Course Specifications

A course specification details what the University agrees to provide in the offering of the course and outlines the expectations on the student.

Examiners are entitled to expect that students have read, understood and are familiar with the Course Specification for the courses in which they are enrolled. Students are entitled to expect that the course will be delivered and assessed as in the Course Specification.

USQ Regulations relevant to assessment are located in the USQ Policy Library.


Course specifications include the following details:





If a course is taken in the second or later semester of study then another course may be a required as a prerequisite.  Note that in some cases the prerequisite course is recommended, while in others they are mandatory. If mandatory then the prerequisite course(s) must be passed before commencing study in the course.    




These are courses that should be studied at the same time as the course in question. 



Other requisites



These are other prerequisites or corequisites that cannot be defined in terms of specific course.  For example a student must be first admitted to a BSc(Hons) program to allow them to enrol in certain courses.




Includes at least two people, the examiner and moderator. The examiner is your contact if you have any questions concerning the course content, assessment or special considerations. 




This includes reasons for a course's development and existence.




Represents a summary of the course.




A summary of what you will be required to achieve in the course and is the prime basis for the assessment for the course. More detailed objectives are often included in study materials or at the commencement of lectures.




Summary of the general content of the course.  Weightings for each topic are an indication of how long you will need to spend on each topic.

Texts and materials
to be purchased or



These are items that you should acquire or purchase for your personal use.  The examiner will assume you will have or be able to refer to these materials.

Recommended reference materials



These are suggested items that are recommended and may improve your knowledge and understanding of the course objectives.  Check the Library for these items.

Student workload



A single unit course has an estimated student workload of between 160 and 175 hours a semester (between 12 and 13 hours per teaching week).  The workload requirements should give you some indications as to how you should utilise this time.  Some students will spend more, and other less, on the activities associated with a course.  Some activities are:

  • directed study is time at lectures, tutorials, practicals etc or time spent working on external or online study materials
  • private study is an estimate of time required to prepare or study for course assessments.  This will be different for different people
  • examinations is the time spent sitting for an exam(s)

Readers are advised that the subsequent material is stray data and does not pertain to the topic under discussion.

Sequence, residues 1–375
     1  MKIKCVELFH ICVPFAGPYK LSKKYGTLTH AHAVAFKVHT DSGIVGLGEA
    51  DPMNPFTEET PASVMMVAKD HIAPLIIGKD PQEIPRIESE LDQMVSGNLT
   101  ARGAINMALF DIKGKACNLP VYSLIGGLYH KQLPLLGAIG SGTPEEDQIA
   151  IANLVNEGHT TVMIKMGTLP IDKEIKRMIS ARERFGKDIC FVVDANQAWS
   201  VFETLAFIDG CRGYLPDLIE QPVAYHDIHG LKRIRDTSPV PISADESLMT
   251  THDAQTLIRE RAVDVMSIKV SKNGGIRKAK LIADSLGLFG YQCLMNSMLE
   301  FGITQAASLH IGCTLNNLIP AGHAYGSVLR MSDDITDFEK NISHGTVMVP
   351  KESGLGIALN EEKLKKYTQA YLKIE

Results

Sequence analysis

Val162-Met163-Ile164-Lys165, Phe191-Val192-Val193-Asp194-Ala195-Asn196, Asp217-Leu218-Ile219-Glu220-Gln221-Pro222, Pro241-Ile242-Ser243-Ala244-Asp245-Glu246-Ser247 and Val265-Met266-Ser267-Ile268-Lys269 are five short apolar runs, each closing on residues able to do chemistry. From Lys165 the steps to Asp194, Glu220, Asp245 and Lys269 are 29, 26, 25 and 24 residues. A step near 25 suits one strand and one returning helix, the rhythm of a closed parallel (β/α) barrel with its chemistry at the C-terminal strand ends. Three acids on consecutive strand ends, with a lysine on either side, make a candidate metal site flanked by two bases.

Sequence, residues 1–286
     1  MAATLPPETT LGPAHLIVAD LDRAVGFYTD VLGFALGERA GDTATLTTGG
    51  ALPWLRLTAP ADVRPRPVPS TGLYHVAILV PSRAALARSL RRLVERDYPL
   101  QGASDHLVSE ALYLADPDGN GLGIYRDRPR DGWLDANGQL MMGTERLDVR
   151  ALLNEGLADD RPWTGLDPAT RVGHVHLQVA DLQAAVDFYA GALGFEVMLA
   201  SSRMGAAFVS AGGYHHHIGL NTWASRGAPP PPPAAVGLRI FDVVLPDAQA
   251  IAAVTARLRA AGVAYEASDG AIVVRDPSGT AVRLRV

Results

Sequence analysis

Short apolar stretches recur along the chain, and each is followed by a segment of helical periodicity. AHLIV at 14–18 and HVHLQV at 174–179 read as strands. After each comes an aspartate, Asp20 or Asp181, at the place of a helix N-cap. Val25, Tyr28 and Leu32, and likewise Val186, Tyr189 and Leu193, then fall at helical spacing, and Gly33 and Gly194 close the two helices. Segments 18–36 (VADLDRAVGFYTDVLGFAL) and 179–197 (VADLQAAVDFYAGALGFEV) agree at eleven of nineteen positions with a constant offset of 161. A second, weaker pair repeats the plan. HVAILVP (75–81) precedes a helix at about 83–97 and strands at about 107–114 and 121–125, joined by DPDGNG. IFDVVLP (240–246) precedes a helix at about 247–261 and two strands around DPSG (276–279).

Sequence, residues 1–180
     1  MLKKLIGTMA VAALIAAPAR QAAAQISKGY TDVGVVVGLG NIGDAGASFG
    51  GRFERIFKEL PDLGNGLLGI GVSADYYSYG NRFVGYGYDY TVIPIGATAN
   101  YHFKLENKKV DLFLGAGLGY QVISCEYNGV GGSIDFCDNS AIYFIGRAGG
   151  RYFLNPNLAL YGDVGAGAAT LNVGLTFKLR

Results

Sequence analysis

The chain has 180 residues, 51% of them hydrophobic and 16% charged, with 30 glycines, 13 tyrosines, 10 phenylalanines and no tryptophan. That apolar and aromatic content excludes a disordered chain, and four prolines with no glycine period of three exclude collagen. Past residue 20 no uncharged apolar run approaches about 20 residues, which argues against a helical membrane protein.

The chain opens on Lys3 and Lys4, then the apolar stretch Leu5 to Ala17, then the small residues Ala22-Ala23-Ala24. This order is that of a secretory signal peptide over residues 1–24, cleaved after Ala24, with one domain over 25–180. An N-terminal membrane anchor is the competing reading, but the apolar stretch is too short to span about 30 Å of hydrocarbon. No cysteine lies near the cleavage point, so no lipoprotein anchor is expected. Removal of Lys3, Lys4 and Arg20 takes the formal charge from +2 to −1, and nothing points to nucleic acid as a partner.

• assessments is time spent completing assignment(s).

Use these times to plan your weekly study schedule.



Assessment details



Details of the assessment items in the course are contained in this section.  It is essential to pay careful attention to them as knowledge of the weighting and time of assessment will help you plan for your study.  If unsure about any items contact your examiner for clarification.  Details included:

  • Description is a short description of the assessment item eg assignment 1, practical report, examination etc
  • Marks out of is the highest mark you can obtain for that assessment item
  • Weighing is the percentage that the marks you gain in an assessment item will contribute towards your final grade.  An item with a zero weighting will not contribute to the determination of your final grade, but it may still be necessary for you to complete it at a stated standard before being eligible for a passing grade
  • Due Dates is the date the assessment item has to be submitted either by hand or by mail.  These dates will help in your planning for the semester 
  • Notes relate to specific assessment items, most often advising you about the examination dates which are not known at the beginning of the semester.


Important assessment



It is essential to read this as it will include details of:

  • attendance required, especially relevant for on-campus courses
  • what is required to complete assessment items satisfactorily 
  • penalties for late submission of required work
  • requirements for students to be awarded a passing grade.  Note that if you do not satisfy the requirements for a passing grade, you may be given some form of supplementary assessment or you may be given a failing grade
  • method used to combine assessment results to obtain a final grade, if applicable
  • information about examinations, usually refers to closed, restricted or open exams, if applicable
  • information about when deferred or supplementary exams will be held 
  • relevant university regulations.


Assessment notes



Other important information related to assessment, such as what happens if the due date for an assignment falls on a public holiday, or advice on keeping copies of assignments etc.

Other requirements



It is essential to read this, it might include other details relevant to specific courses.